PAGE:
Page 342 - ShowSight - November 2019
P. 342

                Labrador Retriever Q & A
 “The Labrador Retriever is the most sought after breed to work as guide dogs and therapy dogs as the temperament lends itself to be the most adaptable to the owner’s needs.”
Erin McRobb & Diane McClurg continued
At what age do we start to see definite signs of show-worthiness? We start to look at the puppies running in the yard as soon as five weeks. We may not put them on the table to evaluate as I think puppies running in the yard certainly give a different look and per- spective. Show worthy puppies can start as early as six weeks and as late as ten weeks, if you are choosing some and placing others in pet homes. I have changed my mind when choosing a puppy as late as the day before a pet family comes to pick up the new family member.
We then grown them up and do basic clearances to see if it will be worth the time and money investment to make them a show dog completely. Even as late as a year—with clearances—we may decide to place a dog as it isn’t quite what we were looking for.
Can the breed’s hard-headedness can make them difficult to train? Most of the labs we have bred aren’t hard headed. In fact very few that we have bred have been difficult to train. Labradors are easy going, willing to please, biddable, and ready to do a job for their owners. (I think we may be on a different level for this ques- tion.) Labradors shouldn’t be hard headed at all.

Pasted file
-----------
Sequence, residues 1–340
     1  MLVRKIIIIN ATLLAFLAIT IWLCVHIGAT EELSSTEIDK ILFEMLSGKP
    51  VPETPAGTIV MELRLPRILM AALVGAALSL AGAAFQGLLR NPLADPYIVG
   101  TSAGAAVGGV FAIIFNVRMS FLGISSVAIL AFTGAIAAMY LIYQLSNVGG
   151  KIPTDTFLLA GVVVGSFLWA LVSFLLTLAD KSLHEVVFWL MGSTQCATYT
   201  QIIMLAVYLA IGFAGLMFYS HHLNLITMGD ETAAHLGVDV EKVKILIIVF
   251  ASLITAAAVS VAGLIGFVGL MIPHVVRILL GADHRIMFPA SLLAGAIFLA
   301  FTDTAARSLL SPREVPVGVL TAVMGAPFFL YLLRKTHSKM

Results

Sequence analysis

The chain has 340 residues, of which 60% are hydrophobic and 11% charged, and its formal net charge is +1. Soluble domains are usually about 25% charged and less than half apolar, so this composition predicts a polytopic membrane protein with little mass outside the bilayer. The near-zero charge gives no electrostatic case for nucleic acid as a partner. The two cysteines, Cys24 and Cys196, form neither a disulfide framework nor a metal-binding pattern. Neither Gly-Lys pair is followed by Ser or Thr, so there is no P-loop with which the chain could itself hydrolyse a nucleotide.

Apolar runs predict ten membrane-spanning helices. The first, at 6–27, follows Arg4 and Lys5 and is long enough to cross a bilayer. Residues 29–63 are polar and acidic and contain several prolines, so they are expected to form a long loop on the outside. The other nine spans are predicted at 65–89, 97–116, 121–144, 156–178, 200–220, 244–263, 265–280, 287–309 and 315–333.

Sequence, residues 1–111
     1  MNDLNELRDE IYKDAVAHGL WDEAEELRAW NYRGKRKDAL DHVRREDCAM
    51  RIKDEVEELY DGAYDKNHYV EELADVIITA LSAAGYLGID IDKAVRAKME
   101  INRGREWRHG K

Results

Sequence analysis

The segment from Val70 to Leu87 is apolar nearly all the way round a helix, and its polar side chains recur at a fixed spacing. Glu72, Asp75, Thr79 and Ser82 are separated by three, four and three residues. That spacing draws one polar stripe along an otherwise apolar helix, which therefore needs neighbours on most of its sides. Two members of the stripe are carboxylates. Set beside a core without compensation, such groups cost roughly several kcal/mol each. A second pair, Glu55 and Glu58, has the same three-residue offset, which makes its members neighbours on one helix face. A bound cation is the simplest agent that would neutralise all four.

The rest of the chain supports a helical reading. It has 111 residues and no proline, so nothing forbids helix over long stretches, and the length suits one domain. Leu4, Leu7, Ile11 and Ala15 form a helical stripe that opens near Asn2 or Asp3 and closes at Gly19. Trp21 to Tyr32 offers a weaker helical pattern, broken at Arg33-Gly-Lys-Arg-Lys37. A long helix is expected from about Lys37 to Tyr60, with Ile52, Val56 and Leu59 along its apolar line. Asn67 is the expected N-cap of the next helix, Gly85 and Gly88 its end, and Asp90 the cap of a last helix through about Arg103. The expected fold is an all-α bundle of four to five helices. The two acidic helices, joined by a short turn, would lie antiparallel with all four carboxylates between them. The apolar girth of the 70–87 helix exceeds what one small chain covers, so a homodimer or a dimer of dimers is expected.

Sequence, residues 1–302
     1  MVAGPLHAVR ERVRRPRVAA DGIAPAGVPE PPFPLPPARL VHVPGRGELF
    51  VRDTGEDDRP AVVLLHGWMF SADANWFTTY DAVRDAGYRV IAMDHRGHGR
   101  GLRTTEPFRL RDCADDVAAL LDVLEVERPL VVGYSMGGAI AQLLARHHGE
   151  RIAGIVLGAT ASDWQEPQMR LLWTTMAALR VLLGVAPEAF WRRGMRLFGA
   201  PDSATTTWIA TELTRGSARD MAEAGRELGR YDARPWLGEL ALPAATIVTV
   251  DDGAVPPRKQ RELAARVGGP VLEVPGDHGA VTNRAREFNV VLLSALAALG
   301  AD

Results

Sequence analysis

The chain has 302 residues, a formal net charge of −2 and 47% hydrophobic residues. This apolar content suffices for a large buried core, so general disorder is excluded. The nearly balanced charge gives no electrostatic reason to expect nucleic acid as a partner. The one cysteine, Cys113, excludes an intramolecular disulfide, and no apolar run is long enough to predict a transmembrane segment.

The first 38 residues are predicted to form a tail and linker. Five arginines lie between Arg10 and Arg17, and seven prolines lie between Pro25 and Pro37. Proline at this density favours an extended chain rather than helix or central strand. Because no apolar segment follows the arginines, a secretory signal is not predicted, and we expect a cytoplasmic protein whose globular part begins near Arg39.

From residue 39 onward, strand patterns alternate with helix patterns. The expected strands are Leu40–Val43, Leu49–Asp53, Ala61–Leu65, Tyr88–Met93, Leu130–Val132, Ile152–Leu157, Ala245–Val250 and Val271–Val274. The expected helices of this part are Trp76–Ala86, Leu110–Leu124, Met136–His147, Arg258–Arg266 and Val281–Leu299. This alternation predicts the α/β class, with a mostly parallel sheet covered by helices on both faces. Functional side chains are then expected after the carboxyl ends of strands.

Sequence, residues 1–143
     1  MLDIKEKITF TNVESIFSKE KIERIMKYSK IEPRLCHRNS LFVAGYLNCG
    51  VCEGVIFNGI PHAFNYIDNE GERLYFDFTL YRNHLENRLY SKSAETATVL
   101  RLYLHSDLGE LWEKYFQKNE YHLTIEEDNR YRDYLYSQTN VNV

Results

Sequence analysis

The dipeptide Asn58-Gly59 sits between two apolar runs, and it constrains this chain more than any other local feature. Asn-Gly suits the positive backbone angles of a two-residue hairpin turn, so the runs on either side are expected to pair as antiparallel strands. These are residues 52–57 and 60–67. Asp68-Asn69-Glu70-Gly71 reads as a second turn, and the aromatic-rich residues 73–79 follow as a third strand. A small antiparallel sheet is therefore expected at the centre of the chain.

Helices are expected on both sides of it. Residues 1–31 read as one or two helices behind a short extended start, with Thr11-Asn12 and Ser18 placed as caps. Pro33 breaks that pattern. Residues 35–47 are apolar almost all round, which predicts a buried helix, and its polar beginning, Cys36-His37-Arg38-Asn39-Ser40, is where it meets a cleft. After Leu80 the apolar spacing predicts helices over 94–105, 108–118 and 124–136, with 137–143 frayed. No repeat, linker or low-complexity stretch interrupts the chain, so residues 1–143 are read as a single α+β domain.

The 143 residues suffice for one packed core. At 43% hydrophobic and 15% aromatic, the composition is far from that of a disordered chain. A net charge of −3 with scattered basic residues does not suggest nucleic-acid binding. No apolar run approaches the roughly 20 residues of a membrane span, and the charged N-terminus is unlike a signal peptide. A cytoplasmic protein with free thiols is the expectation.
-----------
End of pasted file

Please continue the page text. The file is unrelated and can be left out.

Diane: The Labrador Retriever is the most sought after breed to work as guide dogs and therapy dogs as the temperament lends itself to be the most adaptable to the owner’s needs.
What is the most important thing about the breed for a novice to keep in mind when judging? There are a lot of different types in the Lab ring. Find a mentor with a type you prefer and learn. Learn- ing also means looking at other breed to learn proper movement and structure. Trust your mentor—they have been doing it a long time and probably have encountered nearly everything.
Don’t throw the baby out with the bathwater—look at the whole picture. There will be some things you can forgive and some thing you know you cannot stand to look at—those are the moments you will learn the most.
My ultimate goal for the breed? My personal goal is to breed and own (and handle if I can) one of our own dogs to BIS and BISS status. We have bred, owned and shown dogs to BISS, but have not achieved a BIS.
My favorite dog show memory? I have three actually. Winning best junior at the Lab national under breeder judge George Bragaw. That win qualified me for my first trip to Westminster. Then win- ning BISS from the 12-18 class with a bitch we had bred, owned, and handled. The third being the most proud breeder moment—we took a yellow boy to the Labrador Retriever Club of the Potomac. I showed him to a class win. It was at that moment that I realized as I was showing him I was in a ring full of people I looked up to and helped mentor me and my mom to where we are now.